Ralfuranone productivity is involved in the full virulence of R. solanacearum strain OE1-1 (Kai et al., 2014). A ralfuranone-deficient mutant (ΔralA) exhibits significantly less EPS I production and significantly enhanced the swimming motility than strain OE1-1 (Mori et al., 2017). Quantitative real-time PCR assays reveal that ΔralA expresses phcB and phcA at levels similar to those in strain OE1-1. In contrast, R. solanacearum transcriptome data generated by RNA sequencing technology shows that ΔralA exhibits downregulated expression of more than 90% of QS-positively regulated genes including EPS I production-related genes, type VI secretion system-related genes, plant cell wall degradation enzyme genes (pme, egl, and pehC), acyl-homoserine lactones-two component system-related genes (solI and solR) and some effector genes secreted through T3SS (ripG4, ripG5, ripO1, ripTP5, ripS, and ripAU) (Mori et al., 2017). Furthermore, ΔralA exhibits upregulated expression of more than 75% of QS-negatively regulated genes including flagellar motility-related genes, T3SS-related genes, some effector genes secreted through T3SS (ripAX1, ripA2, ripAF1, ripX, ripAB, ripAC, ripS2, ripS3, ripQ, ripAZ1, and ripAD), and chemotaxis-related genes.
Ralfuranone supplementation restores EPS I production-related epsB expression, which is induced by the QS in strain OE1-1, in ΔralA, restoring its ability to aggregate dependently on EPS I production (Mori et al., 2017). Additionally, expression of flagellar motility-related fliC expression, which is negatively regulated by the phc QS, is suppressed in ΔralA by application of ralfuranones A and B, restoring its swimming motility to wild-type levels.
Together, post-translational regulation through ralfuranones may affect the QS feedback loop.
Regulation of the Two-Component Systems, VsrAd and VsrBc, By Ralfuranones
The PhcA and VsrAD two-component sensor/response regulatory systems are necessary for full activation of xpsR transcription (Figure 2A; Genin and Denny, 2012). Additionally, both the transcriptional regulator XpsR and the response regulator VsrC upregulate the expression of the eps operon (Huang et al., 1998; Garg et al., 2000). EPS I production is thus influenced by the VsrAD and VsrBC two-component systems. These two-component systems also regulate flagella biogenesis (Genin and Denny, 2012). Interestingly, ralfuranone A is involved in the negative regulation of vsrAD and vsrBC expression (Mori et al., 2017). In contrast, ralfuranones B and J positively regulate the expression of vsrA, vsrD, vsrB, and vsrC. Therefore, the integrated regulation of vsrAD and vsrBC expression by ralfuranones A, B, and J contributes to EPS I production and swimming motility. Furthermore, VsrAD is upstream of PhcA and is involved in the biosynthesis of ralfuranones (Schneider et al., 2009). Therefore, the expression of vsrAD may be feedback-regulated through ralfuranones A, B, and J, leading to the regulation of PhcA function.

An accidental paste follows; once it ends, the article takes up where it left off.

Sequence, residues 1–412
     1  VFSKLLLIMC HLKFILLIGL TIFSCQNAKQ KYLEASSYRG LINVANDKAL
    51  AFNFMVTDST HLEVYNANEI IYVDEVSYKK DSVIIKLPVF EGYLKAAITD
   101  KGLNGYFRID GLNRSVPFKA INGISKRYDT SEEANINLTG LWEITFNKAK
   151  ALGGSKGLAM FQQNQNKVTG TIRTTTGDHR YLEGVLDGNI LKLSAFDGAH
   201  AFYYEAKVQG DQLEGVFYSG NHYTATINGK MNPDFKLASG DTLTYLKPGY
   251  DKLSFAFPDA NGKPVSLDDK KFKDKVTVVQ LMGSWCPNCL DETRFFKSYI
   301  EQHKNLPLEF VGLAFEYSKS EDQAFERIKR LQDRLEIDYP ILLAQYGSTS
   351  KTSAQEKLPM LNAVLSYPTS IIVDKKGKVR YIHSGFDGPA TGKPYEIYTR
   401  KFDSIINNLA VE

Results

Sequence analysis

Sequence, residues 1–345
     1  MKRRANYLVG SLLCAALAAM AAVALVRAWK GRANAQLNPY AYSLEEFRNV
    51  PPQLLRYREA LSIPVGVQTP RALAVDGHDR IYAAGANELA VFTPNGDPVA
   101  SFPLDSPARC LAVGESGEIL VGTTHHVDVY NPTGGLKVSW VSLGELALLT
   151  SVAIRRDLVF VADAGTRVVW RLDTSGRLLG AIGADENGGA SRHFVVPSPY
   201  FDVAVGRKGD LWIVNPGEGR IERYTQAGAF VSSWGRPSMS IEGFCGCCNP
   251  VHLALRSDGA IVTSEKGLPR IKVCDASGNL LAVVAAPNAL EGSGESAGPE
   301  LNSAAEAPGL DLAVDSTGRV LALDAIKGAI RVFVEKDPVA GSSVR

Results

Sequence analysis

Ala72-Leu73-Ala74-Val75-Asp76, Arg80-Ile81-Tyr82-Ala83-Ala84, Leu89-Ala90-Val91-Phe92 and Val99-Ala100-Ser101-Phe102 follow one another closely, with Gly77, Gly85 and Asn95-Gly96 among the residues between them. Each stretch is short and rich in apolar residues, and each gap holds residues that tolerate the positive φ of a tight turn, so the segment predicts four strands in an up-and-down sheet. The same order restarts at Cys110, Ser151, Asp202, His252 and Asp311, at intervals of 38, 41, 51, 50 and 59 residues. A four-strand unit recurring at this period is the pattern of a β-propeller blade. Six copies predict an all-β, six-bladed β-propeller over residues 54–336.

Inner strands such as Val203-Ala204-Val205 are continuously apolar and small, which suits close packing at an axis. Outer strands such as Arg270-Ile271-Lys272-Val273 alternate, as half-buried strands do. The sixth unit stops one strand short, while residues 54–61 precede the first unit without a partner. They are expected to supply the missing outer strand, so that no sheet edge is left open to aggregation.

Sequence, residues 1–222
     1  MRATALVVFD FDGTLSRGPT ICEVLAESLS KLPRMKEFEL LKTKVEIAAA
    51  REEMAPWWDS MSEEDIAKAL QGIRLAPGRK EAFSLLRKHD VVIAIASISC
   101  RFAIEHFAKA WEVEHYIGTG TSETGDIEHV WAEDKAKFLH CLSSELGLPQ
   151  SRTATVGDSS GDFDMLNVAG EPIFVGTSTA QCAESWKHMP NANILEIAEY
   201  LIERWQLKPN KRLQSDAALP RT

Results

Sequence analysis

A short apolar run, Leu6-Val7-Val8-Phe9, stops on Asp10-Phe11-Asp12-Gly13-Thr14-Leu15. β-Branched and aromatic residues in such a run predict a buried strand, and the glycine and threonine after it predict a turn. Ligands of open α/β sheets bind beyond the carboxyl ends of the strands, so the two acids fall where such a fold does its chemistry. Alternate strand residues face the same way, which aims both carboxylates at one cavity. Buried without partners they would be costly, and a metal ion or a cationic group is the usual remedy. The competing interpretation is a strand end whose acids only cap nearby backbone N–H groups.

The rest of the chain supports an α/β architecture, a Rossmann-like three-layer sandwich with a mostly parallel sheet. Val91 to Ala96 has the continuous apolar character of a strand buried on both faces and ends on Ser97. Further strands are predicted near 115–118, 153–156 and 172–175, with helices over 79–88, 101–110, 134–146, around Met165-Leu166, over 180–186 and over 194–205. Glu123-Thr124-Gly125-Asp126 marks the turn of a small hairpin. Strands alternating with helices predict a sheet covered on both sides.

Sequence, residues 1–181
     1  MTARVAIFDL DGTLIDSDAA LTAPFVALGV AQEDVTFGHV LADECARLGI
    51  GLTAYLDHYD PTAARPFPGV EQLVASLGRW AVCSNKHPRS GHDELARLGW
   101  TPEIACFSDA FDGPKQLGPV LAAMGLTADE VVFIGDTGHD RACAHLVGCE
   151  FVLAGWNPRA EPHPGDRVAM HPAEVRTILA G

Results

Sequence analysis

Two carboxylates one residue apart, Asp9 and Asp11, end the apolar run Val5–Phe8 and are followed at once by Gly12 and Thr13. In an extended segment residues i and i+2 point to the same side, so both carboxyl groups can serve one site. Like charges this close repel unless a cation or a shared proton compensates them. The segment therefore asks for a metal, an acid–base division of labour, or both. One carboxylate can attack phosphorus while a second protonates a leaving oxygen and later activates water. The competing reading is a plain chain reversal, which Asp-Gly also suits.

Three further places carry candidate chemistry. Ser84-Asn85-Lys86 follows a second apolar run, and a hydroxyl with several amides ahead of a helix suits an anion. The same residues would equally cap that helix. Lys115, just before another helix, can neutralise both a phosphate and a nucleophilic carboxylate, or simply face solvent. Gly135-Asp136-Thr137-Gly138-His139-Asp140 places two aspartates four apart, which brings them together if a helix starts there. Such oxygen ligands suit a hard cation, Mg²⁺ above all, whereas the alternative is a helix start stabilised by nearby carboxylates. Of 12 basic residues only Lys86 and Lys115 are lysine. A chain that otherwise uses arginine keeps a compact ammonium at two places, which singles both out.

Ralstonia solanacearum invading intercellular spaces of roots attaches to plant cells and constructs the T3SS, translocating effectors into plant cells through the T3SS and evading induction of plant innate immunity. R. solanacearum then grows on plant cells and activates the phc QS. The phc QS contributes to control of mBF formation by R. solanacearum on plant cells, leading to its colonization of intercellular spaces required for its virulence. R. solanacearum produces ralfuranones A, B, I, J, K, and L dependently on the phc QS, and the extracellular secretion of each ralfuranone by OE1-1 changes over time. During the early stages of infection, 3-OH MAME-mediated intercellular signaling activates the phc QS, leading to the production and secretion of ralfuranones. Each ralfuranone then mediates intercellular signaling between R. solanacearum cells in association with the feedback loop of the phc QS. The integrated intracellular/intercellular signaling of OE1-1 cells via each ralfuranone coupled with phc QS elaborately and tunably regulate molecular traits during colonization of intercellular spaces by R. solanacearum strain OE1-1, leading to its virulence (Figure 2A).